I know you were obviously doing other things before this but in 1994, if I’m not wrong, you joined the reformation of Thin Lizzy. How’d that happen?
Yes. I was working with John Sykes who was part of the last line up with Thin Lizzy, the ‘Thunder and Lightning’ album. I was working with him and his band Blue Murder and we would include some Thin Lizzy songs in the set. I think we were in Japan and we were with the big promoter over there and after the show we’d do almost this ritual, you know, after you do a tour he takes you out for like Kobe beef and this amazing dinner. And then we all started talking like ‘oh do you still stay in touch with the boys?’ and things like that, so I go ‘what do you think if we put something together? to pay tribute to Phil?’. Phil had passed away in ‘86 and this was in ’94. And John says ‘yeah, let me see what I can do’. A few months went by and then I get the call from John, and he tells me they’re getting together and they need a bass player. He tells me that he told the guys about me but they still want to meet me, so to come over and learn the stuff. We hit it off, long story short. I’ve been part of that thing since ’94 and it’s been great, what a gig. To my surprise I had only known a few tracks of Thin Lizzy, the ones we got in the US. Once I got to see the whole library I was like- wow! I had chills because of it. I remember being like man, this band is amazing. And just learning the bass parts and seeing the vocals and melodies Phil had down, he was just a very talented cat. So yeah, I was very honored to be there. And this is the first year, this year, that I didn’t play with them. They had six or seven festivals in Europe but I was tied up with the boys here and that’s because my focus right now is The Dead Daisies. But I put my time in, and I never say never. They’re talking about possibly doing something next year and I’m like yeah, please.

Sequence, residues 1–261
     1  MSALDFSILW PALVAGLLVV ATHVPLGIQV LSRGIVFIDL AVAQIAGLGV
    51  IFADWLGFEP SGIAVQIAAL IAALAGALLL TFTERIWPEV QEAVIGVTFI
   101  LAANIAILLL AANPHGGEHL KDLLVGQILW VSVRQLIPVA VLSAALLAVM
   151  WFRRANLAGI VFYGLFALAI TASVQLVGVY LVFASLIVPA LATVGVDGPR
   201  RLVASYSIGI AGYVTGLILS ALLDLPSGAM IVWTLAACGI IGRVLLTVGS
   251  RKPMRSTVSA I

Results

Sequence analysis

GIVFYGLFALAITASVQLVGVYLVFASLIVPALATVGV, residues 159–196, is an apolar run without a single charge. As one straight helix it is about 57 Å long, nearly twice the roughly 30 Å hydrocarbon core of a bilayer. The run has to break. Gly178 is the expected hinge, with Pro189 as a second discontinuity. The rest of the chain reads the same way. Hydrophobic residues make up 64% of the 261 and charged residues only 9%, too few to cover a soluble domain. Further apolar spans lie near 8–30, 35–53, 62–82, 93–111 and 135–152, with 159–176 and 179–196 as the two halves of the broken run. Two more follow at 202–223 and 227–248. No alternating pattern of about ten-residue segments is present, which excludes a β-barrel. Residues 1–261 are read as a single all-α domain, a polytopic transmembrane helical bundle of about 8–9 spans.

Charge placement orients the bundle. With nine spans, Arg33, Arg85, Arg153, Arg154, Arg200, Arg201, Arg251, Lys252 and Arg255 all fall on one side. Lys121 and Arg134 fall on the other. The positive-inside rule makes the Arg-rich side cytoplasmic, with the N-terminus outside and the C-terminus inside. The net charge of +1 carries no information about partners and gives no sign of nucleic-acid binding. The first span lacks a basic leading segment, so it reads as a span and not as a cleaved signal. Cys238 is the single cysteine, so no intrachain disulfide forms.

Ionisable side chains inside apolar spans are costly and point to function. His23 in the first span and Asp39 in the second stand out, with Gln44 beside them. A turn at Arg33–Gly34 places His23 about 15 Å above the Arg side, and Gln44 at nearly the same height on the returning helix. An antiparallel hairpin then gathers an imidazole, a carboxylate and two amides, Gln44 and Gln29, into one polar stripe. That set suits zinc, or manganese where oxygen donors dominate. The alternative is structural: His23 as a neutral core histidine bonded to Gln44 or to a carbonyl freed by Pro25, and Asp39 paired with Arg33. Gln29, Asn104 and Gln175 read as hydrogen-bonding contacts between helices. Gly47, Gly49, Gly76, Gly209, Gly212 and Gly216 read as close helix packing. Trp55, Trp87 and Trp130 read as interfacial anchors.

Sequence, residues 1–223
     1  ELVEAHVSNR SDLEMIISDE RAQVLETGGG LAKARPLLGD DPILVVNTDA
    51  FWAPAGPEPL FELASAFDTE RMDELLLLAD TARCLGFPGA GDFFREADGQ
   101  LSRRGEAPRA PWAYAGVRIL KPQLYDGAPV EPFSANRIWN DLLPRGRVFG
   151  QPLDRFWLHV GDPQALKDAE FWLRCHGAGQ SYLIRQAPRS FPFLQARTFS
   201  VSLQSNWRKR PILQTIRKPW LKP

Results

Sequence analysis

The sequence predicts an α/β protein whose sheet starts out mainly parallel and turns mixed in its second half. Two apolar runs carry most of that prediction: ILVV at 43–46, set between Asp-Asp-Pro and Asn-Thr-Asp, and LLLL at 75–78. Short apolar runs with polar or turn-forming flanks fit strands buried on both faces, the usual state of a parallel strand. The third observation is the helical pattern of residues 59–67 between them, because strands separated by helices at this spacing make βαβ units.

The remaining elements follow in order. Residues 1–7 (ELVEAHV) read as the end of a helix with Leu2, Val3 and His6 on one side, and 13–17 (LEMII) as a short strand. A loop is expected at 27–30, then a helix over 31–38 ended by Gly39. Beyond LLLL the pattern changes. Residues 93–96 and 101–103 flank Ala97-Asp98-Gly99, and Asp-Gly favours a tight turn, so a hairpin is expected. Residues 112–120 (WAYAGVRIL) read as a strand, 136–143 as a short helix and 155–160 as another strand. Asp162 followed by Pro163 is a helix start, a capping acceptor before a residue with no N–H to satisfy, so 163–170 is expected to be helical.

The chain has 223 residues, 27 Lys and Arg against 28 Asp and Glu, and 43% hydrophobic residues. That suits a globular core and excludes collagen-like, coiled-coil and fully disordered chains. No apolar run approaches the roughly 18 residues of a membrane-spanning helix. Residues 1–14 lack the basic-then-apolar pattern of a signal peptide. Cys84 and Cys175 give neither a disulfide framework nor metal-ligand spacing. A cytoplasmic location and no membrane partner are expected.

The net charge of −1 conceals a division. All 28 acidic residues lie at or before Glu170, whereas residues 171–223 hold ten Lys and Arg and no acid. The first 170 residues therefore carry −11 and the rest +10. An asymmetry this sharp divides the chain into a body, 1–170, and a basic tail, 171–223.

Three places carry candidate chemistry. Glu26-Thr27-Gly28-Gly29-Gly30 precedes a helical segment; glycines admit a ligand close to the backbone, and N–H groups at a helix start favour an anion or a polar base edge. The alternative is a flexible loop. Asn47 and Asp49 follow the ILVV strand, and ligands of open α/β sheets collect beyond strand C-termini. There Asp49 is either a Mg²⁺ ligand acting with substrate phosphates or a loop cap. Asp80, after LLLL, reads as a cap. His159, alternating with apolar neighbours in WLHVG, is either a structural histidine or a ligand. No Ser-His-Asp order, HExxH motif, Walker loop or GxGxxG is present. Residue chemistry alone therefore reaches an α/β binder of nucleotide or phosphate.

And you have a very extensive amount of things that you’ve done with various groups and solo artists. Do any of those projects stand out to you as favorites?
They all do. When I first got to LA- and I have to say this, it’s very important that I talk about this. When I first got to LA I was partying a lot.
What year was that?
That was back in 1925, haha! But I came to LA and it was overwhelming, it took me. There was this storm that happened in my head, I started drinking and drugging and doing all these things you’re not supposed to do. But it’s part of the environment, and I fell into it. I’ve got that compulsive personality, so I fell into every hole you can imagine. By the time ’84 or ’85 came around I was really bad, like out of control. I was losing gigs, I had a bad reputation- nobody would call me. I would either not show up, show up unprepared or show up drugged out and wasted. Who’s going to hire you? And the word gets around in these circles. But by the grace of God, absolutely divine intervention, I got clean. I won’t get into details, if you want to catch up on that I would love to do a more extensive interview about sobriety.
I would love to.